Metro Board members tentatively agreed yesterday to pull 16 cars out of peak-hour service on the subway system in January as a test of the effects of a possible early opening of the Yellow Line between Gallery Place and National Airport.

The test, scheduled to begin Jan. 3, could produce some peak-hour crowding. If it is successful, however, it may encourage Metro officials to move up by several months the Yellow Line opening, which would cut nearly 15 minutes off a trip between National Airport and Capitol Hill.

The board is scheduled to decide by March 10 on the actual opening date for the Yellow Line. Board member Cleatus Barnett of Montgomery County, citing problems that followed the opening last year of Red Line service to Van Ness, voiced concern that the system's rail-car supply might once again be spread too thin.

He insisted that the test simulating the diversion of cars to the Yellow Line precede announcement of any Yellow Line opening.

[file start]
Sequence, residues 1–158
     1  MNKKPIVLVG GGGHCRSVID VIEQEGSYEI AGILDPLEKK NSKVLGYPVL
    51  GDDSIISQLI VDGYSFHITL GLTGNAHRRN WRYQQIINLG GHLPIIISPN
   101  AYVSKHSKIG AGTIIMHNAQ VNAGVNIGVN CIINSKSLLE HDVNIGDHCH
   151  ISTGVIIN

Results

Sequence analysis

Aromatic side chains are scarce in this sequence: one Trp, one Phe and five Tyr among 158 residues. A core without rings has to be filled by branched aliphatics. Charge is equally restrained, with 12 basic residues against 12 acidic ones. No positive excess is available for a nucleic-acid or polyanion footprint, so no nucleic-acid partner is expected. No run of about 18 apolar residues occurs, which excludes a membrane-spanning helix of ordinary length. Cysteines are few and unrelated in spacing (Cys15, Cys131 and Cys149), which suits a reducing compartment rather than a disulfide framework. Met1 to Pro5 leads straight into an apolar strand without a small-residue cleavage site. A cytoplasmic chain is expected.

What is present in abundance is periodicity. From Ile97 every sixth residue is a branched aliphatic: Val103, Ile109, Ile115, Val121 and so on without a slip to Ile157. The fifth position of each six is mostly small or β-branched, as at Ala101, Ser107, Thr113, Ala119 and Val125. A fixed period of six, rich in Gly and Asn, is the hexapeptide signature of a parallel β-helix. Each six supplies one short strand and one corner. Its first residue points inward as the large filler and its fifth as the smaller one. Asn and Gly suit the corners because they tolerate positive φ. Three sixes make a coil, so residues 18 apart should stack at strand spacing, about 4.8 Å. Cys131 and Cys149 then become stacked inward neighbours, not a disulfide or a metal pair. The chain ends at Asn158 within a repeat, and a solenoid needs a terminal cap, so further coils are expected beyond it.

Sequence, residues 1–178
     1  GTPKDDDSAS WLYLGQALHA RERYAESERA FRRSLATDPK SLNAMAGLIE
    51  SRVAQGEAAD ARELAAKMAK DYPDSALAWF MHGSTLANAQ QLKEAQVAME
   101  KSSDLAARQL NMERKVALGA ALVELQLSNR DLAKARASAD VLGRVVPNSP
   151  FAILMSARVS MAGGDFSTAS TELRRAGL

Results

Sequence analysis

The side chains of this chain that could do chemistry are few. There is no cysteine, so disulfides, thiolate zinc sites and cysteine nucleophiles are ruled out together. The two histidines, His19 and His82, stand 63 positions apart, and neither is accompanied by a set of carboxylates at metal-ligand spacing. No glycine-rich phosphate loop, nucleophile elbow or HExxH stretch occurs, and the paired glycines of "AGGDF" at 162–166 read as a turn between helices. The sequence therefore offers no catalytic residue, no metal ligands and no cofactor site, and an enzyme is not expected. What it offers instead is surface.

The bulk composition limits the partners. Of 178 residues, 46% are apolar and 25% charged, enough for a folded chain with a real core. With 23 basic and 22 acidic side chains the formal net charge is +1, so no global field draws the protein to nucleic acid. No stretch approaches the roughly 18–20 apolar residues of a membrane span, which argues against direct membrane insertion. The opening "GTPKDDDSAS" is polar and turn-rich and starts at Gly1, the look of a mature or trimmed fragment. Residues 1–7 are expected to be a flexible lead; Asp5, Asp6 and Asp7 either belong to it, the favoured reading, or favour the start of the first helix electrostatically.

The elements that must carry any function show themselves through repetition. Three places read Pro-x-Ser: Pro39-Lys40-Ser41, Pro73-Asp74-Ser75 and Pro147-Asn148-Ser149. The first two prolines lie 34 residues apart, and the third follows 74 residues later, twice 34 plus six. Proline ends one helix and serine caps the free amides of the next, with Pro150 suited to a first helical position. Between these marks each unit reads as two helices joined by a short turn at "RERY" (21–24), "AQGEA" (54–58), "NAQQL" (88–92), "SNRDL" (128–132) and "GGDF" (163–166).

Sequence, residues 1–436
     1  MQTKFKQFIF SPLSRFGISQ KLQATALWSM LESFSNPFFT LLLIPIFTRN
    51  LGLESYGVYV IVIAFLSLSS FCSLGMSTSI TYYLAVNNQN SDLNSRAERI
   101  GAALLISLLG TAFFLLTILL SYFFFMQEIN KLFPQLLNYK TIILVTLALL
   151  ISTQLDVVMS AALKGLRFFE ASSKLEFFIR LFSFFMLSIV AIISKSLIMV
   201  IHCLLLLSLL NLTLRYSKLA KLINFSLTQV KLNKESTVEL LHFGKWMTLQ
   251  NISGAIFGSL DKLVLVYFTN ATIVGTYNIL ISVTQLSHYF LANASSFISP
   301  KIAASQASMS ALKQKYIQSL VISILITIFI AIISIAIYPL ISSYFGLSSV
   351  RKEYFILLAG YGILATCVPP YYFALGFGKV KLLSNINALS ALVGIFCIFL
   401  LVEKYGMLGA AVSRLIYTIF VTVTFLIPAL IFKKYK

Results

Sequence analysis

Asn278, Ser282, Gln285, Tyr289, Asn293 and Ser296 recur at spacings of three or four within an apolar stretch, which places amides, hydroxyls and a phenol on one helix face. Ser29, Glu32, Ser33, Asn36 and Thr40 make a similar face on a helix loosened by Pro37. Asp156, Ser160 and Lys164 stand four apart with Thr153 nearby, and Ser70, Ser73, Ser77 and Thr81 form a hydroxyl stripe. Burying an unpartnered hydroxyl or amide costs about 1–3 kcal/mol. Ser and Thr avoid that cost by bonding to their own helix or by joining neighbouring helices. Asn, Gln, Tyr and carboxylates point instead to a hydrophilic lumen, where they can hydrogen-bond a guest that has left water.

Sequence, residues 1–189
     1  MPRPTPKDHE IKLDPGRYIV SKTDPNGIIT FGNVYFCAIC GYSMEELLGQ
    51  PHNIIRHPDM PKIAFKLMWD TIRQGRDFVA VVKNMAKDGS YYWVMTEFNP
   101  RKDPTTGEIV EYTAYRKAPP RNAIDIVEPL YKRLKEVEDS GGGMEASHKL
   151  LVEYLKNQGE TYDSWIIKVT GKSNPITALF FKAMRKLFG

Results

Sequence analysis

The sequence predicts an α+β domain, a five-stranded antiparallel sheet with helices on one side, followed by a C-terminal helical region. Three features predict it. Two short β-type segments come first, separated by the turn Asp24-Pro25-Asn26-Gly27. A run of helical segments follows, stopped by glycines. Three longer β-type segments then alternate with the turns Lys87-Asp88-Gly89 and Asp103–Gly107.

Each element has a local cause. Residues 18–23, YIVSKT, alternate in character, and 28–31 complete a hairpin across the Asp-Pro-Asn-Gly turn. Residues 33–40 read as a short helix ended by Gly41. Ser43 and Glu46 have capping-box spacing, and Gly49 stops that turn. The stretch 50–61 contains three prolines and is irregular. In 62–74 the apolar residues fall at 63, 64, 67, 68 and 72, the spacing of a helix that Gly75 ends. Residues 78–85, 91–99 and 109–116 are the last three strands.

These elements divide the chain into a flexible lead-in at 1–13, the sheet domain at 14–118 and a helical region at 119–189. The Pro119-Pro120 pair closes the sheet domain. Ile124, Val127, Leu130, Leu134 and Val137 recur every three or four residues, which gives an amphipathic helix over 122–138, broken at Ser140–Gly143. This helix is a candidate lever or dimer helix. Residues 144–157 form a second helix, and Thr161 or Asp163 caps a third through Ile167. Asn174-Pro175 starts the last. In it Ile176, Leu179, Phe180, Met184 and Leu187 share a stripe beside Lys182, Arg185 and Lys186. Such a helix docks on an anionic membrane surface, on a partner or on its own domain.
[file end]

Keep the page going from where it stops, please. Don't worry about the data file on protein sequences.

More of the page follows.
Metro recently has been more successful building tunnels and track than finding rail cars. Strikes and other manufacturing problems have plagued the rail-car supply almost from the system's opening six years ago.

Metro is currently awaiting delivery of rail cars from Italy, the first 36 of which had been earmarked for the Yellow Line, where stations and track have been completed to Huntington for some time.

While Metro staff members says service to Huntington must await arrival of the Italian cars, they believe service on operating lines has has improved enough to transfer some existing cars to make the Gallery Place to National Airport shuttle a possibility as early as next April.